Drag Illustrated Issue 180, January / February 2023 | Page 66


On the Road with Van Abernethy

It ’ s hard to believe it ’ s the week of New Year ’ s 2023 as I sit down to write this column , and I ’ m indeed scrambling to gather some fresh column material , as my travels are somewhat limited during the doldrums of winter . I did take an early-December trip to Florida ’ s Immokalee Regional Raceway , and I was reminded of the first time I ever traveled to this unique Gulf Coast town .

That first trip is something I ’ ll never forget as long as I live , so I hope you don ’ t mind me revisiting this remarkable little slice of culture shock I experienced roughly a decade ago . Back then , IHRA kicked off their Division 2 meets in Immokalee , and as always , I was eager to visit new places . I had no idea what Immokalee , Florida , was like , nor did I realize that it was a largely non-English speaking community .
On my first morning in Immokalee , I arose very early , before sunrise , in fact , so that I could drive into town and experience the local breakfast offerings . I was driving the original , wildly colorful DI Dodge Sprinter van back then , and I pulled up alongside a man on the street and began to communicate my desire for some breakfast . He grinned great big and replied , “ No English .”
I figured this unexpected language barrier was merely an isolated case , so I drove on a little further and posed the same question to another gentleman out on an earlymorning walk , only to receive the same two-word response .
At last , I spotted a young Mexican woman about to enter a building streetside , so I pulled up alongside and quickly cut to the chase : “ Speak English ?” I inquired . She nodded “ yes ” as she glanced over the curiouslooking vehicle I was driving . After explaining my now-dire need for a hot meal , she replied , “ Breakfast is here ,” as she pointed to the very building she was about to enter .
I parked the vehicle and quickly followed her inside . From the kitchen , a little lady emerged , barely 5 feet tall , with dough-covered hands . “ I ’ ll have to translate for you ,” says the helpful young woman . I thanked her sincerely and asked her to please order some bacon , eggs , and coffee .
With a completely straight face , she then asked me if I wanted “ one taco or two ?” This kinda threw me for a loop . “ Two , of course !” was my reply , not at all sure how tacos fit into the breakfast conversation . The young woman communicated my order to the little lady from the kitchen , then she bid me a good day and dashed out the door .
I was the only soul in the place , so I took a seat at a tiny wooden table just as the early-morning sun began to pierce through the window . A few minutes later , the little lady from the kitchen returned with bacon and eggs , along with the unexpected inclusion of refried beans , all
wrapped up in a pair of soft taco shells . She also provided me with a dab of hot sauce on the side . This unique arrangement would become my go-to breakfast anytime I was in Immokalee , and I returned many times in the following years .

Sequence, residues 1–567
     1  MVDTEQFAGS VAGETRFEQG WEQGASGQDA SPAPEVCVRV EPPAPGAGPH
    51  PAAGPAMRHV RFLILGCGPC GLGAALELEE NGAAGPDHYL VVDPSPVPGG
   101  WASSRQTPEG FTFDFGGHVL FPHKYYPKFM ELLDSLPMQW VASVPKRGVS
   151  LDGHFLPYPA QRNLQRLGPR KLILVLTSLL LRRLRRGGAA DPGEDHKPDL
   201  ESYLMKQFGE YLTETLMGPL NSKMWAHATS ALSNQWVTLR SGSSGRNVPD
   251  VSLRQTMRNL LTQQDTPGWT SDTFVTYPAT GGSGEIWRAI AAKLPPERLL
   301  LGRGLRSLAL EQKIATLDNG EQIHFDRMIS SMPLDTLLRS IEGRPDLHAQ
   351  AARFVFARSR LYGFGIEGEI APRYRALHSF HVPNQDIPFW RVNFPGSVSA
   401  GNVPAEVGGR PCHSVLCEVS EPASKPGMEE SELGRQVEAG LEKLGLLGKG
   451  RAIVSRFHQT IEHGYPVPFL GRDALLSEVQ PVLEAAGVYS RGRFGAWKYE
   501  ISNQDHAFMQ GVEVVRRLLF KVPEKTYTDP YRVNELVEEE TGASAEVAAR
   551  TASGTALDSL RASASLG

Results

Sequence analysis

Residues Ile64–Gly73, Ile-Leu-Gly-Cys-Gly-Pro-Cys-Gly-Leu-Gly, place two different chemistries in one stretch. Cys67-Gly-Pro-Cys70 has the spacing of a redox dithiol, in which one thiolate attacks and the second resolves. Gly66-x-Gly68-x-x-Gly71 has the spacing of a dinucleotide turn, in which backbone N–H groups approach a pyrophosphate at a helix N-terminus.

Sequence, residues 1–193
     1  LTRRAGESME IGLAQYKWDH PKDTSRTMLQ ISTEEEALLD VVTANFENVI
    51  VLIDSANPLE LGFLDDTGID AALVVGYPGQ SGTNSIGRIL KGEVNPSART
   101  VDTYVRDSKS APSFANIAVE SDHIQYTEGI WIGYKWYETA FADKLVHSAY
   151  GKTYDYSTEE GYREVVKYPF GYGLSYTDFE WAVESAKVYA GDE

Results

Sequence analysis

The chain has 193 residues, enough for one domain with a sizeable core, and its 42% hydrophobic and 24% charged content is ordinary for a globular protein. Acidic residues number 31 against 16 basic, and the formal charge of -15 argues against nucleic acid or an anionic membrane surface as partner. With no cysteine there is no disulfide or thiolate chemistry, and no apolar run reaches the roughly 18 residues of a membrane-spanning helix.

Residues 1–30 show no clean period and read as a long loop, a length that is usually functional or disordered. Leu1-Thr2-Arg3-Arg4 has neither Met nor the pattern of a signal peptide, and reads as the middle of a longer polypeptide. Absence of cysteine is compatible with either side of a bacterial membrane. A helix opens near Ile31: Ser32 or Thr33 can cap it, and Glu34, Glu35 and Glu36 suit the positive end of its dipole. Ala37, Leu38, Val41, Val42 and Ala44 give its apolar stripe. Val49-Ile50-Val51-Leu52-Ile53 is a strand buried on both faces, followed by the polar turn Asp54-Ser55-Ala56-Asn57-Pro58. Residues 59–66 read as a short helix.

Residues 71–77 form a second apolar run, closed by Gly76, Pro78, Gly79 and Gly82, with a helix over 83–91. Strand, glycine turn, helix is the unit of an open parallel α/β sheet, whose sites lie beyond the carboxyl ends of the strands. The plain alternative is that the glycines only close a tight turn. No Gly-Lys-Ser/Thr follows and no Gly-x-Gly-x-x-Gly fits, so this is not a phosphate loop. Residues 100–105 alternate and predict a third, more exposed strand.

I eventually learned the name of the little lady from the kitchen . It was Eva , and I assumed she owned the place . She eventually realized
that those breakfast tacos were “ my usual ”... and she even remembered that I drank my coffee black . Somehow , we got past the language barrier just enough for her to understand that I was wild about those tacos , although we weren ’ t able to talk about anything else .
There was also an early-morning customer named Juan , who would often arrive at about the same time as me . Juan spoke very good English , and we actually made fast friends , and he always sat at the table beside mine . One morning over breakfast , I gave him a pocket knife as a gift , and it thrilled him to no end .
Amazingly , this would be the last time I ever saw him because a few months later , 2020 arrived and changed life as we knew it . Eva ’ s restaurant shut down at the start of the pandemic and never reopened . I haven ’ t seen her or Juan since and likely never will .
Each time I visit Immokalee , I always drive by the restaurant , disappointed to see that it ’ s still closed and the windows shuttered . Inside that little block building , I ’ ve got some great memories and also cultivated an unlikely friendship with a pair of locals that I would have most certainly never met had it not been for this drag racing gig .
Over the last decade in my return trips to Immokalee , I also discovered a weekend flea market that ’ s something of a melting pot of culture and commerce . I always try to pick up some sort of trinket there , but the ultimate score was the time I ran across a vintage Kodak film duffle bag .
More recently , the nearby Everglades has become one of my most favorite places on Earth and , without question , my most exciting fishing spot .
Immokalee Regional Raceway continues to be one of the coolest , most unique tracks I ’ ve ever laid eyes on , as airplanes from the neighboring airport are constantly taking off and landing directly beside the dragstrip . One time during an IHRA meet , track owner Ralph Hester even arranged a flyover during the National Anthem , which was executed with NFL Super Bowl-caliber perfection !
I ’ ve talked to so many racers over the years who share my affinity for Immokalee ’ s dragstrip . Meeting Juan and Eva and discovering that tacos could be eaten for breakfast was just a fantastic bonus ! DI
66 | Drag Illustrated | DragIllustrated . com Issue 180